You will look at women with pierced nipples in a whole other light that first time your 8-month old baby locks his/her jaw in the middle of breastfeeding. Holy bruised boob Batman! I never thought I would have to battle the undeniable urge to smack, swat, punch, or toss this evil THING that was causing me such excruciating pain. Thankfully I reminded my cavewoman instincts that beating my child was not an option. And speaking of boobs... it's totally possible to feel a 'let down' if you're still nursing and you hear another baby crying.  For some reason I always thought that was one of those mystical mommy myths people tell you for fun, but it's totally true. It's like magic.

Embrace the fact that other mothers, including complete strangers, will give you parenting advice. Just like the ladies who continuously said, "you just wait" all throughout your pregnancy, some moms will stop at nothing to make sure you know that they could parent your child better than you could. It's annoying. It's unavoidable. It will make you want to smack them across the face and say, "I got this Crazytown, BE GONE!" Please don't smack a perfect stranger. Instead, listen to what they have to say while nodding like you are soaking it all in. It will make them feel like they are making a difference and it will keep you out of a cat fight.  If their 'wisdom' is worth holding onto, appreciate the encounter for what you learned. If it's a load of crap, take it with a big fat grain of salt, and do your best not to laugh as you leave. In fact, this whole post could be seen as "advice" of which you are welcome to do with as you please.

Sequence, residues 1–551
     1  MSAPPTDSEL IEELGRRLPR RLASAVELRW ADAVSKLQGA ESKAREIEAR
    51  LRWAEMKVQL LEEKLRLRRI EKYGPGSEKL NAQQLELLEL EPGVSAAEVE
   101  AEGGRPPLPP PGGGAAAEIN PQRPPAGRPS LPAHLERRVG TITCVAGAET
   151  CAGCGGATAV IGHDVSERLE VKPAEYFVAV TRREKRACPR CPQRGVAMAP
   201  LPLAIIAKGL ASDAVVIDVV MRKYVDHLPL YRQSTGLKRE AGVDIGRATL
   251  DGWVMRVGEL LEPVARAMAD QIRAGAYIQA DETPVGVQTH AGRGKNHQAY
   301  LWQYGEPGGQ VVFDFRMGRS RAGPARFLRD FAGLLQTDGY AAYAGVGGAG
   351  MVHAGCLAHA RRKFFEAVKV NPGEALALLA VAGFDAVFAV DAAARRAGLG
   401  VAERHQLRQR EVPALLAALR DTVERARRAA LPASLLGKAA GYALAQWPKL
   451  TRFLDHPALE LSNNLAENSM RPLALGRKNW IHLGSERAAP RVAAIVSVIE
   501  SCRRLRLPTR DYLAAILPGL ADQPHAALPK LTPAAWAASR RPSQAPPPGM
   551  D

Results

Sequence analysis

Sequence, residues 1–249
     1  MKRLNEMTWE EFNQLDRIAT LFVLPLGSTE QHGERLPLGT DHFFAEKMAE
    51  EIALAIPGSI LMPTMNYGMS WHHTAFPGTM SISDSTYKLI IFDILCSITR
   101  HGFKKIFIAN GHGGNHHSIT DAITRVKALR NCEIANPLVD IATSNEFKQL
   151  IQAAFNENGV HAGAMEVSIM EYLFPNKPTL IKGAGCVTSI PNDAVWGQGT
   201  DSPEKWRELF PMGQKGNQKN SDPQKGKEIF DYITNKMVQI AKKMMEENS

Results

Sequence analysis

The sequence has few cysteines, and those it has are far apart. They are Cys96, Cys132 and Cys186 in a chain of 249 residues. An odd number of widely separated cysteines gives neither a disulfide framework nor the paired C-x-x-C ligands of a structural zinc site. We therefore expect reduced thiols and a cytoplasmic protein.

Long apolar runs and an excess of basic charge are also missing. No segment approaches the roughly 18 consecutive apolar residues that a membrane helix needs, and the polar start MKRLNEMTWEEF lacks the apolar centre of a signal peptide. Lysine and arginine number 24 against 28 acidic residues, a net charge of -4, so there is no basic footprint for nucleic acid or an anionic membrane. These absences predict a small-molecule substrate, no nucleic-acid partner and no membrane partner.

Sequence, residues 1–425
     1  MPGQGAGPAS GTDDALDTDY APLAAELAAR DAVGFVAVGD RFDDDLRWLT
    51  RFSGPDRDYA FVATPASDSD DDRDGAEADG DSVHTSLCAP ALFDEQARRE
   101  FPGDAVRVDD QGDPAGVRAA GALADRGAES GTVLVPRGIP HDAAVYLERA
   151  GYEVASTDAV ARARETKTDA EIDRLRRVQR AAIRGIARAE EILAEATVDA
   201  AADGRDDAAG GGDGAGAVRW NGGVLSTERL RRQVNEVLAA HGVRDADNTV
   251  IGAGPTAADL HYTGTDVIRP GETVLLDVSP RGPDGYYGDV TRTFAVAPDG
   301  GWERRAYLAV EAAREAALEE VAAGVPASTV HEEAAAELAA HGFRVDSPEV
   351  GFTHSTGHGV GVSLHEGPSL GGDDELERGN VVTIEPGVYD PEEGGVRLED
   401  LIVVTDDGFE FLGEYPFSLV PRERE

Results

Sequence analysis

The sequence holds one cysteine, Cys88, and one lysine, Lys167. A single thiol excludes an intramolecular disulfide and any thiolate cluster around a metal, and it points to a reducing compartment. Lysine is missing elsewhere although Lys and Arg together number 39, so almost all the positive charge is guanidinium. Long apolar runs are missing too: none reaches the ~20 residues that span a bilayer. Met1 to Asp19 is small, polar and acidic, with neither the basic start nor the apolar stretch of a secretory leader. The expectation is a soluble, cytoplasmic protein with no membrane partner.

I'm pretty sure I learned more about myself and my life within this last year than I did in all 4 years of college, and I can't wait to see what else this tiny person has to teach me in years to come. What are some of the most memorable lessons you learned during your maiden voyage of mommyhood?

 

Resting in Questions

As the year comes to a close I find myself trying to take time to stop and find some quiet. December can be a crazy time for our family. The holidays always hold their own level of busyness. On top of that we have two little girls and a plethora of school activities, the last push at my husband’s work to make end of year sales numbers, and finishing up Christmas orders for my shop. But in the midst of all of it, I find myself craving some downtime to sit and reflect. To truly processes through what this past year has brought us.Making a List We have been through a miscarriage, celebrated 6 years of marriage, started our oldest in pre-school, celebrated one year of my husband’s new job, grown my business, and I started writing again. It has definitely been a year of changes for us. It has been a year of letting-go of expectations and learning to simply be. To live with the dozens of questions that have filled our life. Living with the questions has never been my strong point. I like answers. Not questions. And yet, as I have given myself into living the questions, I have found a side of myself I thought I lost. As I have faced some of the most painful experiences of my life, I have found comfort in women I did not expect.

If 2012 has been a year of questions, it would be easy to say that I would like 2013 to be a year of answers. I am not sure how practical that is. So my goals for the next few months are to find more peace with the questions. To rest in the unknown and trust my gut. To let go of my expectations and allow myself to embrace the reality. To show more grace to other and myself. To search for what I have in common with other moms, rather than what makes us different. To continue to build relationships with whomever crosses my path, whether expected or sought after. To allow who I am to continue to grow and blossom. To remember who I want to be, not just for me, but for my daughters. A woman who rests, laughs, loves, plays, thinks, reflects, and offers unconditional grace.